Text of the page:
Why is OSHA Compliance so Important?
Why the upfront costs of safety are worth it.
By Cindy Bush
The United States Department of Labor’s Occupational Safety and Health Administration (OSHA) requires businesses to comply with industry-specific rules and regulations. Failure to meet the criteria generally results in fines and extra paper work, but staying on top of the criteria often requires lots of time, effort, money and focus. All too often, businesses see these upfront costs and balk at the requirements.
However, OSHA compliance ultimately helps drive a business forward. Compliance keeps employees safe. It protects the company’s operations and reputation. It’s not something that can be put off or ignored.
Below are some of the top reasons your company needs to go all-in on OSHA requirements:
There are consequences for not reporting. It’s true that OSHA inspectors can’t visit every business, but they can certainly visit many, and they can put “high-risk” looking businesses on their short list. If your facilities have high accident rates, incorrect data on your reports, or if you fail to report on time, get ready for a visit.
OSHA citations = OSHA fines. Anything in your facility that’s out of compliance is subject to citations and fines. Improper GHS chemical labeling? Expect to pay.
Stay out of the news (for negative things, at least). If you’ve got reporters at your door, make sure it’s for increasing the size of your workforce or for helping the community. Don’t let it be for polluting the nearby receiving water source or having a major accident on your premises.
Keep workers’ compensation costs down. Controlling your risks means you’re controlling your costs. Companies who make conscious efforts to follow OSHA regulations have fewer accidents, fewer medical bills to pay and lower premiums.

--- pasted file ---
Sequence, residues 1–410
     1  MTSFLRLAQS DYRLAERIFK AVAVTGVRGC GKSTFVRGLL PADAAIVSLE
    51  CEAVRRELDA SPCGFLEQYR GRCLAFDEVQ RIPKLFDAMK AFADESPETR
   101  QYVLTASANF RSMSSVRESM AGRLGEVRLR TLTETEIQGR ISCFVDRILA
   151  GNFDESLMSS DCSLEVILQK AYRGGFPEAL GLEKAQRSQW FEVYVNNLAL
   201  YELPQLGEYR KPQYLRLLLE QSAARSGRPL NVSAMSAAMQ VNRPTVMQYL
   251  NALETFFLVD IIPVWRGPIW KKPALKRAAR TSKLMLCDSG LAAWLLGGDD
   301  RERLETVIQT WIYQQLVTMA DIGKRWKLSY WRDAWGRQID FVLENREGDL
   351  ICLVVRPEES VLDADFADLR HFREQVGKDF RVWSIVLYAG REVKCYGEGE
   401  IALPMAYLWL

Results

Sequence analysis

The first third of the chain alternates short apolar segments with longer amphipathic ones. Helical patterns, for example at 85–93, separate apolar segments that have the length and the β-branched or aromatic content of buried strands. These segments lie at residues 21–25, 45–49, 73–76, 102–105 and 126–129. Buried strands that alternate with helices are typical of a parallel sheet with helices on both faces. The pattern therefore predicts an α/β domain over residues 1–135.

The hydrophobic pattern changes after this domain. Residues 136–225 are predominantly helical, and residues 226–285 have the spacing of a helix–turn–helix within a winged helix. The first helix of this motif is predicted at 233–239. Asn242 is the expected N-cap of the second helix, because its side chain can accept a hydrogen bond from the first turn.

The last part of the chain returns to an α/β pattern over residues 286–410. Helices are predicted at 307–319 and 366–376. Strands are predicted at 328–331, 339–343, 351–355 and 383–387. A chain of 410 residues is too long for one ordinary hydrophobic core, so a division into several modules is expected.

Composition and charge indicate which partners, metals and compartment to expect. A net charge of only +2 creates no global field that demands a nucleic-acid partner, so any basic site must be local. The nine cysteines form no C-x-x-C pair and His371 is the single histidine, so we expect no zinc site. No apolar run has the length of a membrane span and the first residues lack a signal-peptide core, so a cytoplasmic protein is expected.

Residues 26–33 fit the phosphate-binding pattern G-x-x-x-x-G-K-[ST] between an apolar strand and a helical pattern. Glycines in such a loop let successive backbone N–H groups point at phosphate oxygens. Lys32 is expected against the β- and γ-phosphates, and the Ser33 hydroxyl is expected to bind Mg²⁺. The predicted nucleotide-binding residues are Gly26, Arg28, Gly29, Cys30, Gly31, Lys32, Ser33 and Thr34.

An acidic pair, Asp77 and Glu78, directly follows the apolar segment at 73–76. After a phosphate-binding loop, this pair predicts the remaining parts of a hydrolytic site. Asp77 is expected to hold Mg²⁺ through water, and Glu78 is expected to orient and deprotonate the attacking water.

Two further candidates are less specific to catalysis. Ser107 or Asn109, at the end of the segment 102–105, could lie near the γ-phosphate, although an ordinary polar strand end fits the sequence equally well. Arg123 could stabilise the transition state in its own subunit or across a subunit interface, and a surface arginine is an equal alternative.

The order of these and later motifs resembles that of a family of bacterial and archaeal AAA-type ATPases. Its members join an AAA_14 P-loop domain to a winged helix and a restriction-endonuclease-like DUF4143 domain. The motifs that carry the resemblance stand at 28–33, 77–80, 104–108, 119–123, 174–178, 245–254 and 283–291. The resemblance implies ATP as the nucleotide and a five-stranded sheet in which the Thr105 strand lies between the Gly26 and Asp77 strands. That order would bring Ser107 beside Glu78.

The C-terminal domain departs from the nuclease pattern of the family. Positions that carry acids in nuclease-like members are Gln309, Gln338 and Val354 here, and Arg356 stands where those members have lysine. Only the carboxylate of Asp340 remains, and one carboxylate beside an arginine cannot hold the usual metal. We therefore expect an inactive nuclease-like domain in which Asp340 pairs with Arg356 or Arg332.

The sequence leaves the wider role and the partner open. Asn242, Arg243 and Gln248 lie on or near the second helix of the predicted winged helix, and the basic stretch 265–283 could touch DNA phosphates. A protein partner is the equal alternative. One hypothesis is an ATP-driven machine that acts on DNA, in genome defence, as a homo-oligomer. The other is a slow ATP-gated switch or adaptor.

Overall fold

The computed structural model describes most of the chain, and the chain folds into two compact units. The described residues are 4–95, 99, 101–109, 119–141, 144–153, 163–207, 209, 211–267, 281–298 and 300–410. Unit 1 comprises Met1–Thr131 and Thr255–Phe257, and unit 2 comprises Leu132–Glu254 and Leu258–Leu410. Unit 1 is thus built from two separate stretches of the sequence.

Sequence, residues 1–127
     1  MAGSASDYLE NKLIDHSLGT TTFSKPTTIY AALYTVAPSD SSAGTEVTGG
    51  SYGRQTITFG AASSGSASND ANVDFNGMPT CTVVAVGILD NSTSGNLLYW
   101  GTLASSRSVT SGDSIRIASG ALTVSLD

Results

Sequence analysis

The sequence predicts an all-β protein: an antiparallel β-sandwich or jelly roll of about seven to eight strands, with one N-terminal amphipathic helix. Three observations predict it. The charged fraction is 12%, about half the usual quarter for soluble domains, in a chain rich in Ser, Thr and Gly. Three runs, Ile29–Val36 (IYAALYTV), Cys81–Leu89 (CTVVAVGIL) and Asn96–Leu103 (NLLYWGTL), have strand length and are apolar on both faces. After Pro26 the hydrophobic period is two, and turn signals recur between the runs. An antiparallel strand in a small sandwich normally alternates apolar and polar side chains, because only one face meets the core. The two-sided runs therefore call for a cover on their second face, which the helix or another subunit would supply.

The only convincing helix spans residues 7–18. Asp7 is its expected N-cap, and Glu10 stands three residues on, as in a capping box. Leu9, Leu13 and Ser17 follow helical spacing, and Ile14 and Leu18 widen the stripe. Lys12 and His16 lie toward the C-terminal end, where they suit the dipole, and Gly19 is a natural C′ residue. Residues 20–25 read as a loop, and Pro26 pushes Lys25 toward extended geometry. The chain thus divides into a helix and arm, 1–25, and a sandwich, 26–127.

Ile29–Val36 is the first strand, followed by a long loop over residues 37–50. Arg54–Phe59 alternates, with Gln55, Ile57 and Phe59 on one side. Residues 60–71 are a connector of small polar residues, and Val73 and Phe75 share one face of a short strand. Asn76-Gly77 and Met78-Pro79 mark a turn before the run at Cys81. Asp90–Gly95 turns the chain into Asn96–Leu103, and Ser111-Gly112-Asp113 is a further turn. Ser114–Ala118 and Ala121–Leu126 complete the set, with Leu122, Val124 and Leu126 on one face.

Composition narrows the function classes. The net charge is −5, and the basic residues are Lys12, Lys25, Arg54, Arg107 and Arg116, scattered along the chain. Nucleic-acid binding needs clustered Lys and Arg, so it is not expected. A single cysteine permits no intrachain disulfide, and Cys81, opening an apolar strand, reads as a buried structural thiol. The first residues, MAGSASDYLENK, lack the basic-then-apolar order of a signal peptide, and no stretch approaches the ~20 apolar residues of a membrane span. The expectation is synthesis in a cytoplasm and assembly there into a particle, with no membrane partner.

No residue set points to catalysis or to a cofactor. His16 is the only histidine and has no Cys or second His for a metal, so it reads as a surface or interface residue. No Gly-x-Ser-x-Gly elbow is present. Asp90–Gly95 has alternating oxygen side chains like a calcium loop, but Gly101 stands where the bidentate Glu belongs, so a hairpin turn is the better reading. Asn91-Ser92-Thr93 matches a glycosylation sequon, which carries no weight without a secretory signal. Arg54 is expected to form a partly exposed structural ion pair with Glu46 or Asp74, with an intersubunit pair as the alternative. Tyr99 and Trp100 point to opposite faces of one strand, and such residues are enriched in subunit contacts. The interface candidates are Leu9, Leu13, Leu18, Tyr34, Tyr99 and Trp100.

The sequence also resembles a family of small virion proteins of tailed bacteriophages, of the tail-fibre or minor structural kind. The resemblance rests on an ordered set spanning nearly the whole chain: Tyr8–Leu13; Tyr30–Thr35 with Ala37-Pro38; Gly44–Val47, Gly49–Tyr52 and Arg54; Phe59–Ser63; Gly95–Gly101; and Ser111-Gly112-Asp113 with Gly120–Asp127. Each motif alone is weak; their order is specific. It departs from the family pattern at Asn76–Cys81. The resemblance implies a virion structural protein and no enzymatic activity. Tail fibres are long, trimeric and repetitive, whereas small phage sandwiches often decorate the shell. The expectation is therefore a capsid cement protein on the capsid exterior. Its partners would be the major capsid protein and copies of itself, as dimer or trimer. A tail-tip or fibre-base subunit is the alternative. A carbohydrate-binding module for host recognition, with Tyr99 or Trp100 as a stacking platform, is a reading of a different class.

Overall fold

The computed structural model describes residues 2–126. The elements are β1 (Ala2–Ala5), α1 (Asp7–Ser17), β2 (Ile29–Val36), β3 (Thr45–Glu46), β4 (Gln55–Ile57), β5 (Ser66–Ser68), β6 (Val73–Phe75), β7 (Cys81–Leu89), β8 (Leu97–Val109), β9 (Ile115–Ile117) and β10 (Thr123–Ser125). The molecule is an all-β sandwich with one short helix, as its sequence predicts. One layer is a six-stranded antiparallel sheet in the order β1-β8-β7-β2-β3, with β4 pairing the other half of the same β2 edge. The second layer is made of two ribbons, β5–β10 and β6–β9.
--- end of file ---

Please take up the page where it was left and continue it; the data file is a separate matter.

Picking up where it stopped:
Satisfy customer requirements. If your business is required to meet strict requirements for your Workers’ Compensation Experience Modification Rating, TRIR rates and other metrics to remain a supplier, if you don’t follow the OSHA and EPA regulations, your business may then have to deal with customer fallout.
Keep employees safe. This is the ultimate goal of all OSHA rules and regulations, and should be the ultimate goal of every business leader. After all, every rule put in place today is the result of something in the past having gone wrong. Professionals responsible for enforcing safety measures are responsible for protecting human lives and health. By paying close attention to the rules, you can prevent the same pain and suffering from taking place again.
While all these rules and regulations may seem daunting, there are resources out there that can help. Start with an assessment of your current practices. Reach out to our expert, Senior Vice President and Manufacturing Risk Specialist Cindy Bush, at CBush@OneGroup.com for a copy of OneGroup’s OSHA self-assessment tool. You’ll be able to see where you are, so you can determine where you still need to go.